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NZ Dollar Outlook: Accelerating economy may limit dips in kiwi

Monday 22nd March 2010

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The New Zealand dollar may be supported this week by data expected to show the domestic economy grew at its fastest pace in two years, limiting the currency’s dips below 70 US cents. 

Five of seven economists and strategists in a BusinessWire survey predict dips below 70 US cents will be limited. Three strategists forecast the kiwi will trade in a range this week, while one is picking it will edge lower, though won’t fall below 70 cents. Two economists expect the kiwi will decline this week, and one predicts it will gain.  

GDP expanded 0.8% in the three months ended December 31, its fastest pace since the same quarter of 2007, according to a Reuters survey, with forecasts ranging between 0.5% and 1.2%. The central bank forecast a 0.6% expansion for the period in its March monetary policy statement. In June last year, New Zealand climbed out of its worst recession in 19 years, though the fourth quarter is expected to show the first period of marked growth in what has been a tepid recovery.  

“If the data comes in line with expectations, the kiwi probably won’t do anything” this week with global pressures likely to weigh on risk sentiment, said Ben Potter, research analyst at IG Markets in Melbourne. “The kiwi will probably move back towards 70.50 US cents or 70 even – there’s pretty good support there.”  

The kiwi sank to 70.61 US cents from 71.16 cents on Friday in New York as investors became wary about higher-yielding, or riskier, assets after the Reserve Bank of India hiked both the reverse repurchase rate and repurchase rate by 25 basis points to 3.5% and 5% respectively. 

Potter said the surprise hike, which came a month before a scheduled monetary policy meeting, bolstered support for the greenback as investors prepare for potential rate hikes in China, which will damp demand for so-called commodity currencies such as the Australian and New Zealand dollars.  

Derek Rankin, director of Ranking Treasury Advisory, said the kiwi would face downward pressure this week from the ongoing problems coming out of Europe.

Questions remain over the viability of an EU bail-out for Greece after German Chancellor Angela Merkel told her Parliament that the International Monetary Fund may be the only solution to the Mediterranean nation’s debt woes.  

“It’s deeply unpopular in Germany to bail out other nations,” Rankin said. He predicts the kiwi will push down to about 69.50 US cents. 

The European Union will hold a summit at the end of this week, and Bank of New Zealand currency strategist Danica Hampton expects this will dominate global sentiment for riskier assets such as the New Zealand dollar.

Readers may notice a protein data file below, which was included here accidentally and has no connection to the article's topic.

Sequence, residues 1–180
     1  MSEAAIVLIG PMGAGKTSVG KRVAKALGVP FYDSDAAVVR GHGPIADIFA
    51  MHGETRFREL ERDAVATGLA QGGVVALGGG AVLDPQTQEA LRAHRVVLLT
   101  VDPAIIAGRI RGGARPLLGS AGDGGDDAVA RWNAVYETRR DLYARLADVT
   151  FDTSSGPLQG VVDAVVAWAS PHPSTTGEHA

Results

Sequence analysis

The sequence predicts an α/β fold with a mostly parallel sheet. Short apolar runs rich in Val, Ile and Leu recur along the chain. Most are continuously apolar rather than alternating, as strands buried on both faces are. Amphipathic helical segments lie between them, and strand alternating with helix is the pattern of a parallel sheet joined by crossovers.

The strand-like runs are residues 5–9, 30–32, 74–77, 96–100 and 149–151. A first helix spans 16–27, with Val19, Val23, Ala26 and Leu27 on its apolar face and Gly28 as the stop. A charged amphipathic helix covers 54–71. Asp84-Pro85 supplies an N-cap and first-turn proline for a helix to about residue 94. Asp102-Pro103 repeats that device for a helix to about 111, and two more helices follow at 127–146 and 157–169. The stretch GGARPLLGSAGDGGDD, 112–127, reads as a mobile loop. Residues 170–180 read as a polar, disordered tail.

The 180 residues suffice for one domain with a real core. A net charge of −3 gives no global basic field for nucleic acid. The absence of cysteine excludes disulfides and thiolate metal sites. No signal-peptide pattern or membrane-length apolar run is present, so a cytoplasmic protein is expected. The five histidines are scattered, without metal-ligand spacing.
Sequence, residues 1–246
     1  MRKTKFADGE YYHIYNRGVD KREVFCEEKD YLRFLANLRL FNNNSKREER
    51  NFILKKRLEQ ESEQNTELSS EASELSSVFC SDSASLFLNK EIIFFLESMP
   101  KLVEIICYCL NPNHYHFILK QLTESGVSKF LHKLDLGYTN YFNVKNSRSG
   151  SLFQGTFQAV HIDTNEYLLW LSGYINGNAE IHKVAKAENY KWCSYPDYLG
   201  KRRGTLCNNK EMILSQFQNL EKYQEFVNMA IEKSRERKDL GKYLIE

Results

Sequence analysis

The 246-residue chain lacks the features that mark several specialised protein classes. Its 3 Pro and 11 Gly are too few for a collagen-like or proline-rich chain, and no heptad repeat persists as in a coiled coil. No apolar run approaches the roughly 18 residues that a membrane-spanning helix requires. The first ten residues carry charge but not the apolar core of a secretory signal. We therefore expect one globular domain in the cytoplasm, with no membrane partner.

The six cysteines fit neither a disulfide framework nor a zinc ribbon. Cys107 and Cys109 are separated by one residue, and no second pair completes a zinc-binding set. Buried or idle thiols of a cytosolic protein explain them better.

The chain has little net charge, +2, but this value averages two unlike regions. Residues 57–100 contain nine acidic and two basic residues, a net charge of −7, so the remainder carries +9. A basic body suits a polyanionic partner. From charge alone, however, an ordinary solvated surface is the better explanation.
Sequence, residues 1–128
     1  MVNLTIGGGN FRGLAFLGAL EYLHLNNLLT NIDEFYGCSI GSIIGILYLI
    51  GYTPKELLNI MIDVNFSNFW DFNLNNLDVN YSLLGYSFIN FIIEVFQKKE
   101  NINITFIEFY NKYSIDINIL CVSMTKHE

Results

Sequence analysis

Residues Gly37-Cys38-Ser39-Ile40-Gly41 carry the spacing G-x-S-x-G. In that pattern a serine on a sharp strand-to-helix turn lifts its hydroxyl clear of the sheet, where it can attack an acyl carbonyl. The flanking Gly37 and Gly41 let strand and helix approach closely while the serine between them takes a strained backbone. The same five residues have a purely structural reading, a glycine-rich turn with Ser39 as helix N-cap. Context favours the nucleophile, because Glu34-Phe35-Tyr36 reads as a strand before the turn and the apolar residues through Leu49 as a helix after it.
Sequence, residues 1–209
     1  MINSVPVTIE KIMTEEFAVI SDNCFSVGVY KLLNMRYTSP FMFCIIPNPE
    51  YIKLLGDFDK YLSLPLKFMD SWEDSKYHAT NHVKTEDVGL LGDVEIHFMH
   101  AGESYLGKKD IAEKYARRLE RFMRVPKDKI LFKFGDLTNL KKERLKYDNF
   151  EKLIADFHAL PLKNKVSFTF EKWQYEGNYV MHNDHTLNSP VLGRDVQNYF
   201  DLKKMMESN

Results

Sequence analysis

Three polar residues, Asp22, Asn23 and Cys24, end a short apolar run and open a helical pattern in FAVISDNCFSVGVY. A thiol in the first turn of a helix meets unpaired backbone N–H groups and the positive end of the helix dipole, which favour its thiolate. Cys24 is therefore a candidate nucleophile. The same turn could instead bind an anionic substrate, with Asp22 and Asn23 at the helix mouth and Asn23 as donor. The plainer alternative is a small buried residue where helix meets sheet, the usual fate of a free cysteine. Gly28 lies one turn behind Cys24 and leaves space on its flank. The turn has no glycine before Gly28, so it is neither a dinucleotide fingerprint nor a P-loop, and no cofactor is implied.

Hampton predicts the kiwi will trade between 70 US cents and 71.50 cents this week, with dips below the 70 mark to attractive for buyers.  Imre Speizer, markets strategist at Westpac Banking Corp., said the greenback was finding a lot of support due to the ongoing concerns about Europe, which in turn weighed on the kiwi against the U.S. dollar.

Still, the weakness was underpinning support for the New Zealand currency on the cross-rates against the euro and the pound, which he predicts will hold above 52 euro cents and 47.50 pence this week. The kiwi dropped to 52.22 euro cents from 52.33 cents on Friday in New York, and edged up to 47.07 pence from 46.98 pence.  

Other New Zealand data out this week is the current account on Wednesday probably showed the balance of payments in the fourth quarter shrank to $3.62 billion, or 1.9% of GDP, from $5.7 billion, or 3.1%, according to a Reuters survey. Meanwhile, data on Friday will show the trade balance was a surplus of $480 million in February, according to Reuters.  

Tim Kelleher, vice president of institutional banking and markets at Commonwealth Bank of Australia, said New Zealand’s stronger economic data should undo any weakness in the kiwi from concerns in the Euro-zone, and was the only strategist to pick the currency up on the week.

He predicts it will trade between 70 US cents and 71.25 cents.  The kiwi dollar will probably gain on a trade-weighted basis this week, according to three of seven strategists surveyed by BusinessWire.

The other four expect the trade-weighted index, or TWI, a measure of the currency against the greenback, yen, euro, pound and Australian dollar, will remain in recent ranges, though faces an upward bias. The TWI sank to 65.47 from 65.71 on Friday in New York. The kiwi dropped to 63.92 yen from 64.36 yen last week, and declined to 77.30 Australian cents from 77.34 cents.  

On the radar this week will be the U.K. budget out on Thursday, which comes after the Bank of England’s Monetary Policy Committee member Andrew Sentance said the U.K. could face a “double-dip recession” in an interview on CNBC.

Meanwhile, the Reserve Bank of Australia’s Assistant Governor Philip Lowe and Governor Glenn Stevens will give speeches on Thursday and Friday respectively.  

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